Native Plant Guide

Native Plant Guide

2018 Native Plants of the Month

January:  Viola walteri ‘Silver gem’ Silver gem or Walter’s gem violet

March: Willow Oak – Quercus phellos 3 gallon – $38.00

April: Cinnamon Fern – Osmundastrum cinnamomeum 1 gallon – $14.00

**February, March and April native plants will be available for pickup the second week of April. Limited quantities available! Plants will go on sale March 1st and continue until they either sell out or until March 31st**

For more information on these plants click HERE 


May: Asclepias incarnata, Swamp Milkweed, 1gal

June: Polygonatum biflorum, Solomon’s Seal

July: Clematis virginiana, Virgin’s Bower


August:  Lobelia cardinalis, Cardinal Flower, 1gal

September:  Liatris pilosa, Grass-leaf Blazing Star, 1gal

October: Schizachyrium scoparium, Little Bluestem, 1 gal


 

November: Prunus serotina, Black Cherry, 1gal,3gal 2-3’, 4-6′

December: Aronia melanocarpa, Black Chokeberry (Red Chokeberry is pg.35), 1gal 2-3′,3gal


2017 “Native Plants of the Month”
Click HERE to view the native plants for each month!
February — Mertensia virginica, Virginia Bluebells
June — Asclepias tuberosa, Butterflyweed
August — Holenium autumnal, Sneezeweed
September — Euonymus americanus, Strawberry bush
October — Kosteletakya virginica, Salt Marsh Mallow
November — Craetegus viridis, Green Hawthorne
December — Aster caroliniaous, Climbing Carolina Aster

 

2016 “Native Plants of the Month”:

January- Ilex glabra, Inkberry
February – Redtwig Dogwood, Cornus sericea
March – Golden Wood Poppy, Stylophorum diphyllum
April – Mountain Laurel, Kalmia latifolia
May – Buttonbush, Cephalanthus occidentalis
June – Phlox, Phlox paniculata
July – NE Aster, Aster novae-angeliae
August- Witchhazel, Hamamelis virginiana
September – Pink Muhly Grass, Muhlenbergia capillaris
October – American Columbine, Aquilegia canadensis
November- Fringetree, Chionanthus virginicus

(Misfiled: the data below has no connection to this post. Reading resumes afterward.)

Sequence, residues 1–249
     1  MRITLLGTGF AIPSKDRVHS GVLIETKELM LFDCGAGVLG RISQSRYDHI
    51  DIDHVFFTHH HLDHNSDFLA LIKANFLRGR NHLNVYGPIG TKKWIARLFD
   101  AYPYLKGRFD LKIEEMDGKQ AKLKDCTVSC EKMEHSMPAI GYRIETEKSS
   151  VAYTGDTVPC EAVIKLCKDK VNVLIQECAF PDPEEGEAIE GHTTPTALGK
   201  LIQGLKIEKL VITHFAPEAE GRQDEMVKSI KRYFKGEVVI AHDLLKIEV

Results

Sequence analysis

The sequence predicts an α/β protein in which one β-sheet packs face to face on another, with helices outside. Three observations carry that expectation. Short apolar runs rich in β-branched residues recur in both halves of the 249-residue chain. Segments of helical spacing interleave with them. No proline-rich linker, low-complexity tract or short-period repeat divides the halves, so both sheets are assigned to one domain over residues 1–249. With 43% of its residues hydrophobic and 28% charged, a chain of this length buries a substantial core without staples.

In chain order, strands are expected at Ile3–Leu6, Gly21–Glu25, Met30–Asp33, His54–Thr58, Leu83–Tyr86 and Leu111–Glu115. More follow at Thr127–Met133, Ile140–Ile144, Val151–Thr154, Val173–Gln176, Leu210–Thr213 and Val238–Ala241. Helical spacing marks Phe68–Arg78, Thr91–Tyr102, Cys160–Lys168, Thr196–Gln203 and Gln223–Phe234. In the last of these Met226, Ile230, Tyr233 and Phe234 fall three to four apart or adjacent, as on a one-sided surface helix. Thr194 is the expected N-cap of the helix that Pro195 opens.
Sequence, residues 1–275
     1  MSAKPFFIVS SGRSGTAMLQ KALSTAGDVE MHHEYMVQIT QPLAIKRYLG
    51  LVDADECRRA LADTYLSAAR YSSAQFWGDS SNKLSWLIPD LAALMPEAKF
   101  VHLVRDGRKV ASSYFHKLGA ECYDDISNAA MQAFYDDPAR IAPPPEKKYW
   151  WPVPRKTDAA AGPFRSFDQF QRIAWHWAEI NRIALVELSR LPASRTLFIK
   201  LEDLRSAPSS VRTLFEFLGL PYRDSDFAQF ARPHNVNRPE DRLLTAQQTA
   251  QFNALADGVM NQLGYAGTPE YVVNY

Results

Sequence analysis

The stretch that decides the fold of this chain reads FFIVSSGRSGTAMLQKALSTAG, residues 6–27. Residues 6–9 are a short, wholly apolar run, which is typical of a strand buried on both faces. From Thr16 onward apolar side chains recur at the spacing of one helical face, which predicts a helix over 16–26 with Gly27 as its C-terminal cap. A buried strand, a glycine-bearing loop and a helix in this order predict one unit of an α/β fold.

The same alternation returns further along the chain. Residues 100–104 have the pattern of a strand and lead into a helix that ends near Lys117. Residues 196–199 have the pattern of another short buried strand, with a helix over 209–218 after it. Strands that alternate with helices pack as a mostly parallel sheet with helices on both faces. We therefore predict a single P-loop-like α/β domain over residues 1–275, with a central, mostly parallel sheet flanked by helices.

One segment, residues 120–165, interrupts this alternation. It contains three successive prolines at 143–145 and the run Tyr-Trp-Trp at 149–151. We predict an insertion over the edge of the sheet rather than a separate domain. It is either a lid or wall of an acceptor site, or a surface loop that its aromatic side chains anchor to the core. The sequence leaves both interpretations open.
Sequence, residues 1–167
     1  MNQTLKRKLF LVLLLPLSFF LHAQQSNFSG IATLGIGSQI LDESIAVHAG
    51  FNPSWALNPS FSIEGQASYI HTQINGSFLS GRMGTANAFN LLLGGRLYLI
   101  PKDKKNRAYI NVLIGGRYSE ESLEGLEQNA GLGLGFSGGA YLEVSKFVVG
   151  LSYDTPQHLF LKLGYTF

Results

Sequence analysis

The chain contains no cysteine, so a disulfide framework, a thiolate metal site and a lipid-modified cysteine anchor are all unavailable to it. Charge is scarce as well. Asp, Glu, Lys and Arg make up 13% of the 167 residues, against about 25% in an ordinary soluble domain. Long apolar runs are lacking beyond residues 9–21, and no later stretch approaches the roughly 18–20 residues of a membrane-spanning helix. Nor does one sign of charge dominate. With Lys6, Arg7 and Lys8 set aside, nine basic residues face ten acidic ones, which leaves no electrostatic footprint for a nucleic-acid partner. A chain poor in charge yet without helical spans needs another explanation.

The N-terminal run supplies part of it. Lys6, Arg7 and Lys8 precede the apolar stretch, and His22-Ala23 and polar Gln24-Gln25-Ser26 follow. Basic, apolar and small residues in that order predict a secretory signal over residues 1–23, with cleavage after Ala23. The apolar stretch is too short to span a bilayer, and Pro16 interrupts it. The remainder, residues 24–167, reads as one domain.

December- Partridgeberry, Mitchella repens

2015 (Archived)

January – Ilex verticillata Winterberry
February – LIndera benzoin Spicebush
March – Dicentra eximia Wild Bleeding Heart
April – Geranium maculatum Wild Geranium
May – Vaccinium ashei Bluberry
June – Passiflora coccinea Passionflower
July – Liatris spicata Coastal/Dense Blazingstar
August – Erogrostis spectablis Purple Love Grass/Sand Love Grass
September – Sambucus canadensis Elderberry
October – Chelone glabra Turtlehead
November – Hydrangea quercifolia Oakleaf Hydrangea
December – Dryopteris marginalis Marginal/Evergreen Wood Fern

2014 (Archived)

April – Cercis canadensis Eastern Redbud
May – Wisteria frutescens American Wisteria
June – Rudbeckia hirta Black-Eyed Susan
July –  Itea Virginica Virginia Sweetspire
August – Lonicera sempervirens Trumpet Honeysuckle
September – Asclepias syriaca Milkweed
October – Rhus glabra Sweet or Smooth Sumac
November – Callicarpa americana American Beautyberry
December – Ilex opaca American Holly

buffer2Planting natives at home is increasingly important as residential and commercial properties continue to encroach on our woodland and open space–at a rate of 6,000 acres/day in the US! Insects, bugs, birds and reptiles still need to live somewhere, and their options are becoming limited. Monarch butterflies are an alarming example of how quickly a species can suffer when key habitat plants, like milkweed, are lost. As insect and buy larvae are less available, this loss can quickly spread up the food chain to songbirds, raptors, reptiles, and amphibians. Many species, like monarchs, are specialists, and rely heavily or even completely on one sole source of food. When this food source disappears, so do they.

Native plants can be defined in many ways, but for our purposes, they are those that are naturally present (at least since written history), and that have adapted to life in our climate. This means that, in addition to providing habitat to the critters they have co-evolved with, they also tend to be relatively low-maintenance once established, requiring little to no fertilizer or irrigation, and helping to maintain our local water quality. This is in direct contrast to invasives, which are typically introduced (accidentally or intentionally) by humans, and have rapid growth, and spread. Invasives will often overtake native plants because there are no native predators or pests to control their growth and spread. Common invasive plants include: English Ivy, Common Orange Daylilly, Bradford Pear, Burning Bush, Japanese Barberry, Miscanthus, Tree of Heaven, Butterfly Bush, and Liriope.